Threshing of pulses is cumbersome process. Commercially available threshers are designed for threshing of wheat. To thresh different pulses, these threshers require adjustments in various machine parameters such as drum sieve, cylinder concave clearance, number of pegs, peg orientation etc., which is a difficult and time consuming. Therefore, a vertical thresher was designed and developed to thresh different pulse crops without any adjustment in machine parameters.

Vertical gravity feed system is adopted to thresh sun dried crop up to appropriate moisture. Chopping blades cut the sturdy straw of pulse crops. The thresher can efficiently be used for different pulses.

5. IIPR Pigeonpea
Threshing of pigeonpea in commercially available threshers is difficult due to large plant size. It is difficult to feed into feeding trough and moreover, about half of the plant gets chopped and shredded in the process. Traditionally, pigeonpea plant is beaten by wooden stick or pounded over fixed surfaceinvolving drudgery.

A pigeonpea stripper was designed and developed at the institute, which envisages removal of pods and leaves, with least damage to plant structure. The stripped material can be threshed in any commercially available threshers or vertical thresher developed by IIPR.

6. IIPR Suction Winnower For all the crops winnowing is an essential process after manual threshing. Winnowing of threshed material is an ergonomically cumbersome operation in which operator has to stand in awkward position and in front of blowing air and inhale dust laden blowing air.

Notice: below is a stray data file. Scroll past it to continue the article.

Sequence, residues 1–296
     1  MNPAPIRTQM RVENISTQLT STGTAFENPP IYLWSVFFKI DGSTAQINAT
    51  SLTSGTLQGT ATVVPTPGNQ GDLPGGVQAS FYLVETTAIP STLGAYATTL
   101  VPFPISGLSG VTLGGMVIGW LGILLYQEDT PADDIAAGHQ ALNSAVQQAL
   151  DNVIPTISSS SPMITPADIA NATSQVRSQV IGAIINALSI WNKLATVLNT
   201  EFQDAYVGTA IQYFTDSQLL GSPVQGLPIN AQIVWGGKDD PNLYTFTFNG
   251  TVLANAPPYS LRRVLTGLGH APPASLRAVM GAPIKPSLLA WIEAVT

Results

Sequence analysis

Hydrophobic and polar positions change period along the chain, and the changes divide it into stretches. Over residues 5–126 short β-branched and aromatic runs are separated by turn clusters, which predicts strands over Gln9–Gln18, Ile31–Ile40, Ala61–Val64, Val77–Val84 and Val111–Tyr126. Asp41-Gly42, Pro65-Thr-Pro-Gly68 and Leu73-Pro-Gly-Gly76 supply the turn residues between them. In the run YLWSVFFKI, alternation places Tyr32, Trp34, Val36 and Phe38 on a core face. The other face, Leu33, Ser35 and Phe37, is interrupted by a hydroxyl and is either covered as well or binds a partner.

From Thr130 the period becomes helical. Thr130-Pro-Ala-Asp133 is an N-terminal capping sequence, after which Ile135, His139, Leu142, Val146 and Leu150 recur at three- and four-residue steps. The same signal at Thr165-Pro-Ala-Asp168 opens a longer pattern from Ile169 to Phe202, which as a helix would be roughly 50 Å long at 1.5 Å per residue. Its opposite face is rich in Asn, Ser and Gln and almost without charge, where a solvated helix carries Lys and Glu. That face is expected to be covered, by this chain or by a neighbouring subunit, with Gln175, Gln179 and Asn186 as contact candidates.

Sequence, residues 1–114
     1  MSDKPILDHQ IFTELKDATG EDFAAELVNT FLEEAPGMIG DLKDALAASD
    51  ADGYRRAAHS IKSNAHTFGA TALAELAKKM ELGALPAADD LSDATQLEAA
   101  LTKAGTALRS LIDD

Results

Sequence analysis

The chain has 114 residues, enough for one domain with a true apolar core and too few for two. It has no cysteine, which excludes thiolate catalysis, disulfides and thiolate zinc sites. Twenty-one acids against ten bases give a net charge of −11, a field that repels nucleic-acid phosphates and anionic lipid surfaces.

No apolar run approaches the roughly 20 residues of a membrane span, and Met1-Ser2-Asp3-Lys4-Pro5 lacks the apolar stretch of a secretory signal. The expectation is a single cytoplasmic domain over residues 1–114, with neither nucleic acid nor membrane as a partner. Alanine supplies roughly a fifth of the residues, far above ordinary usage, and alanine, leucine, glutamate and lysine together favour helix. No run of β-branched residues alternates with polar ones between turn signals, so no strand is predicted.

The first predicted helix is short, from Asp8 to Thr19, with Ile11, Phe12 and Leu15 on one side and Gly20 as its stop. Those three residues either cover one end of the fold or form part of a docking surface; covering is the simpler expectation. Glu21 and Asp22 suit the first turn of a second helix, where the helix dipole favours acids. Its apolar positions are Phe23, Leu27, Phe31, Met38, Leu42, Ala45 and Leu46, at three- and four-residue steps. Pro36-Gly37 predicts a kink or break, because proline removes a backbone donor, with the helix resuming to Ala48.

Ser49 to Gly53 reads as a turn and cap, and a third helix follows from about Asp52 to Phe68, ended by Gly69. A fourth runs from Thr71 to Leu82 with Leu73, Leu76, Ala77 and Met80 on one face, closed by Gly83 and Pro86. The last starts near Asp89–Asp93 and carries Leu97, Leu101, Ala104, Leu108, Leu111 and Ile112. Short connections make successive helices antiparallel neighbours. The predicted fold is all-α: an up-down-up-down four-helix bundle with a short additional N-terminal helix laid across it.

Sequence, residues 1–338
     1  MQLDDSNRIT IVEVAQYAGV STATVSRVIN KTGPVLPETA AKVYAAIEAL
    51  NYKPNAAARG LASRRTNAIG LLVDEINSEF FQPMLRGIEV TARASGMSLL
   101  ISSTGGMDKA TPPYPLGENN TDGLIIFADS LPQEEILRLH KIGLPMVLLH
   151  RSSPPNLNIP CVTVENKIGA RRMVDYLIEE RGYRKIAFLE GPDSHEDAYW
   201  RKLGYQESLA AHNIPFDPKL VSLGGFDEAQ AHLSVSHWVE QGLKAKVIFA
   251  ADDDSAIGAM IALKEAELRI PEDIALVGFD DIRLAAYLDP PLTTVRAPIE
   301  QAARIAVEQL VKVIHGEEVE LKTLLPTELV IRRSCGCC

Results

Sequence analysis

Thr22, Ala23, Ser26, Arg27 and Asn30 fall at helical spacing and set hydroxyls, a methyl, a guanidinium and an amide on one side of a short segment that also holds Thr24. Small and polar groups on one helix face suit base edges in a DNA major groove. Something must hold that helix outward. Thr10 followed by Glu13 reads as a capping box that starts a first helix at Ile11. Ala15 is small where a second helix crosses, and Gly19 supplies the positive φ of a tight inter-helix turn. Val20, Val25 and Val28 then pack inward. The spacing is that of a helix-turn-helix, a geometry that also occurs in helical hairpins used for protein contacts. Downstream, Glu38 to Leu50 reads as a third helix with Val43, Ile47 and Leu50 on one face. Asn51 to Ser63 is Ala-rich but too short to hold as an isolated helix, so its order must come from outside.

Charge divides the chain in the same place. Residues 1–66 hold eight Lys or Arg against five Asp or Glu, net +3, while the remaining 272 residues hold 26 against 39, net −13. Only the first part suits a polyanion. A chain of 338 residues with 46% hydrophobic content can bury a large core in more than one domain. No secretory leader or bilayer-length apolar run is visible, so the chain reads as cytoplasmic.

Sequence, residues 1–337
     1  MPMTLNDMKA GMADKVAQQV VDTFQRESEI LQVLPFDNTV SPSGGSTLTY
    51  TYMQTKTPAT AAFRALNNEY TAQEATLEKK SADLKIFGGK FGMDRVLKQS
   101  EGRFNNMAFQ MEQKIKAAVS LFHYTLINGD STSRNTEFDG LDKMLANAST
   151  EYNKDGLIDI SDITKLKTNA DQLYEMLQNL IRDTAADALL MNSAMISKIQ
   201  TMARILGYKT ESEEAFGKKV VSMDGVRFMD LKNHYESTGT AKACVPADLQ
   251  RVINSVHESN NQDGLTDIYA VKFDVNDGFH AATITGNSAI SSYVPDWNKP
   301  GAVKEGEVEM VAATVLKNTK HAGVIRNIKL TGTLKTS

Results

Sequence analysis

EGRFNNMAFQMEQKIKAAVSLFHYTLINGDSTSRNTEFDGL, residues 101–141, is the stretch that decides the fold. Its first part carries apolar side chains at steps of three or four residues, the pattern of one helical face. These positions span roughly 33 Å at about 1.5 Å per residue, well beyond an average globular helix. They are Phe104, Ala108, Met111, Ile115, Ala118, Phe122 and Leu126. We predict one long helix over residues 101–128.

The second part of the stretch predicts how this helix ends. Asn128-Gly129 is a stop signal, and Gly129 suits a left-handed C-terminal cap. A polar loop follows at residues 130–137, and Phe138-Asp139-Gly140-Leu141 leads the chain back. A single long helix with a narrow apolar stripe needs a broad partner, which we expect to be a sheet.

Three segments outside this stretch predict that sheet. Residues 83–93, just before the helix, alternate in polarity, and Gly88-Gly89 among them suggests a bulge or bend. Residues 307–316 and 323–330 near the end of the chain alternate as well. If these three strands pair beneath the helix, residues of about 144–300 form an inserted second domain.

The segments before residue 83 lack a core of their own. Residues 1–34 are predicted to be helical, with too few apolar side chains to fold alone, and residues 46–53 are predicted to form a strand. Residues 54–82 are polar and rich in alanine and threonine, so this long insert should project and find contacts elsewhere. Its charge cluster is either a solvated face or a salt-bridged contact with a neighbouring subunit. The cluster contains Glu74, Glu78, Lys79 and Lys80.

A winnower is developed in which operator has to fill hopper which allows free fall of material in a closed chamber in two steps. Suction blower, sucks the light impurities blow it away from operator. The unit has provision to increase or decrease blower speed using step pulley and suction by controlling air flow

7. IIPR Horizontal
Hand Chakki
At cottage scale dal milling is performed with the help of stone chakkies. Soaking, roasting, oil applications etc. are common pretreatments adopted at domestic level. The process involves high level of drudgery and is quite cumbersome. In order to reduce drudgery, hand operated chakki, with horizontal emery disks has been designed and fabricated using bearings at central pivot and handle base. Provision for gap adjustmentbetween the disks has also been made.